University of Notre Dame, USA
Keynote: Interactions between Streptococcus pyogenes and the host innate immune system that promote bacterial virulence
Time : 10:30-11:15
Francis J Castellino has received his PhD degree in Biochemistry from the University of Iowa and spent two Postdoctoral years at the Duke University School of Medicine. He is the Kleiderer-Pezold Professor of Biochemistry and Director of the prestigious Keck Center for Transgene Research at the University of Notre Dame. He has published over 450 peer reviewed papers in the structural biochemistry of components of blood coagulation, anticoagulation and fibrinolysis, as well as in the pathophysiology of infective and inflammatory diseases related to hemostasis. He is a Member of several journal Editorial Boards and is the Editor-In-Chief of Current Drug Targets.
Approximately 250 M-protein based serotypes of Gram+ Group A Streptococcus pyogenes (GAS) have been isolated from infected patients. These isolates range from mild antibiotic-sensitive infections of the skin and nasopharynx to highly virulent infections of deep tissue that lead to conditions such as toxic septic shock and necrotizing fasciitis, as well as post-infective sequelae that include glomerulonephritis and rheumatic heart disease. A constant battle for survival is waged between this highly honed human-specific bacterium and the human host that can only employ generalized defense systems to combat the spread of the organism. GAS has evolved survival systems that include regulation of its own gene expression by sensors of different environmental niches, along with secretion of exotoxins that combat host defense cells and of great importance to this discussion, utilization of normal host systems for its defense. Of special interest is the conscription of the human hemostasis system by certain strains of GAS to aid this microbe in its survival and dissemination. Mechanisms will be discussed whereby components of the human coagulation, fibrinolytic, complement and inflammation systems are employed by GAS for its survival benefit.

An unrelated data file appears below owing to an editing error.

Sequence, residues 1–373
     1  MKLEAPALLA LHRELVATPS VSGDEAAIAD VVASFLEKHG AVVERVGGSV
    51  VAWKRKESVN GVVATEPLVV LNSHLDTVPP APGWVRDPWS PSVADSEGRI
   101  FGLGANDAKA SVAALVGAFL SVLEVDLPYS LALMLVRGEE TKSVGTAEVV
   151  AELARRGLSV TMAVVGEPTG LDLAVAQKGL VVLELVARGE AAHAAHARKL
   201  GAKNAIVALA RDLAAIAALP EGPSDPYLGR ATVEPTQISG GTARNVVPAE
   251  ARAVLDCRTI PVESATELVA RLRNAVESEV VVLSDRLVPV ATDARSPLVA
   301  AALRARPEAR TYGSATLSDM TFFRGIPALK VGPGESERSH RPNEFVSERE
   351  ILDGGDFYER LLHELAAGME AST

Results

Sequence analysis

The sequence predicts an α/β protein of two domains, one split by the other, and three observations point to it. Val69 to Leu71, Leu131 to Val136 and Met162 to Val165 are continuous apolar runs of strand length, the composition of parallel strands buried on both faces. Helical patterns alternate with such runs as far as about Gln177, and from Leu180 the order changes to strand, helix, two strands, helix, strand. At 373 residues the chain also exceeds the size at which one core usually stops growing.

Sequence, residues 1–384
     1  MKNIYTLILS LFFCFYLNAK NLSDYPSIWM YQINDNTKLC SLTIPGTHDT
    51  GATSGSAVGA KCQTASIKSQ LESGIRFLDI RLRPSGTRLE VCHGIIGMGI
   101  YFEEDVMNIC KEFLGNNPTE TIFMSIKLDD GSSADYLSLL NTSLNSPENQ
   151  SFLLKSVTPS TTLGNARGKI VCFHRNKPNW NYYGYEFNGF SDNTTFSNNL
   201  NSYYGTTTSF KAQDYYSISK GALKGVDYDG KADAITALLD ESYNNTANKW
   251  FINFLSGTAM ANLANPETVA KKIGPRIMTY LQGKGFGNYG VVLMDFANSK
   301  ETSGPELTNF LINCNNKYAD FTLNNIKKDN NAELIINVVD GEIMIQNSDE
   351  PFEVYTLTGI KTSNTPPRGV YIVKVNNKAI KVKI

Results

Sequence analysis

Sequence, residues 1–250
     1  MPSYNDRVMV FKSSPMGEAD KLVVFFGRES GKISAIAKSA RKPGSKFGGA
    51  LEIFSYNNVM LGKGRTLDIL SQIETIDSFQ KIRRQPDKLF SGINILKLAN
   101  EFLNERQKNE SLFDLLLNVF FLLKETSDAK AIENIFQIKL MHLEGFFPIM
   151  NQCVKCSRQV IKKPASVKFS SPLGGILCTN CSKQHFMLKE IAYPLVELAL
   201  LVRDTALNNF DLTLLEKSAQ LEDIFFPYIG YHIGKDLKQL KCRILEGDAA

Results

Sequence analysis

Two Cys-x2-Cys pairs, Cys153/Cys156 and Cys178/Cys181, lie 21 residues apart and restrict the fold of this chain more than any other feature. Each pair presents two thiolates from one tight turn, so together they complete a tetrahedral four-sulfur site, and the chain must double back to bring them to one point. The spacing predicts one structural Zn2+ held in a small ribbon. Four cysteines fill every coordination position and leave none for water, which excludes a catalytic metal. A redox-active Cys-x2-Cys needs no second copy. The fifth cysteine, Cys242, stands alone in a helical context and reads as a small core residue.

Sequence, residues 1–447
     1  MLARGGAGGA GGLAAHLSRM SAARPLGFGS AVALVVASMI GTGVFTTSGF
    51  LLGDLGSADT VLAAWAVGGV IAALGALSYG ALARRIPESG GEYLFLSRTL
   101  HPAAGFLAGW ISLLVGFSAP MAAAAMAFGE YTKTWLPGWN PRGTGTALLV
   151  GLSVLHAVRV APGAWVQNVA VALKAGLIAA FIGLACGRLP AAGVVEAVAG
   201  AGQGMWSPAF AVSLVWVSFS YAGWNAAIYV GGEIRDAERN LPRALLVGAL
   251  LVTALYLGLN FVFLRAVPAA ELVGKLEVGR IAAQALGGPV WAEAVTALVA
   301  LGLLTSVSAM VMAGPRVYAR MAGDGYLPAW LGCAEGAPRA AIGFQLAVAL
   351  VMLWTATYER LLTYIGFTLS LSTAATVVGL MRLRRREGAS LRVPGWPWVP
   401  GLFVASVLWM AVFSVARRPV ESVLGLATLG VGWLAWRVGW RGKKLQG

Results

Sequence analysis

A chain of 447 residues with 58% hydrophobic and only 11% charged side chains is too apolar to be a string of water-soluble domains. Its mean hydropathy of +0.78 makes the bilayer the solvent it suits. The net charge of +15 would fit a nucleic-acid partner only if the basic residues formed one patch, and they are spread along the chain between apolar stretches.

Université catholique de Louvain, Belgium
Keynote: Are public campaigns effective to reduce antibiotic overconsumption: Did we fail to provide what is needed by the general practitioner?
Time : 11:35-12:00
Paul M Tulkens has completed his MD from the Université Catholique de Louvain, Belgium. He has obtained his Postdoctoral studies from Rockefeller University, New York. He has created the Unit of Cellular and Molecular Pharmacology and has also launched the activities of Clinical Pharmacy at the Université Catholique de Louvain. He has published more than 280 papers in reputed journals and has been serving as an Editorial Board Member of several journals dealing with antibiotics.
Overconsumption of antibiotics is a major cause of increased bacterial resistance especially in the community. In the late 1990's, it became evident that the sales of prescribed antibiotics in the community in Belgium far exceeded that of other EU countries, largely due to patients' pressures. Accordingly, a public campaign was launched in 2000 (key message: "Do not ask for an antibiotic for non-bacterial infections") and repeated each year until now. The first campaigns (2000-2001 and 2001-2002) caused a significant reduction in antibiotic use (expressed in daily Defined Daily Doses [DDD] per inhabitant and per year). However, no further decrease but an increase was seen all over the 2003 to 2013 period. In parallel, focus groups studies with general practitioners, in-depth analysis of prescriptions habits through interviews with prescribers and national questionnaire studies showed that the main reasons for overprescribing antibiotics were the lack of early and unambiguous causal diagnostic (viral vs. bacterial infection), the pressure of patients when in need of a fast relief and the prescriber's fear of complications if not prescribing an antibiotic coverage. We conclude that public campaigns for reducing antibiotic over prescription in the community are not effective in reducing antibiotic consumption because they do not address the real causes of the prescriber's deviation from the proposed guidelines. Efforts should be directed towards definite improvements in early diagnostic and in the setting up of effective prevention measures about potential complications of infections for which no antibiotic would have been prescribed as per the guidelines.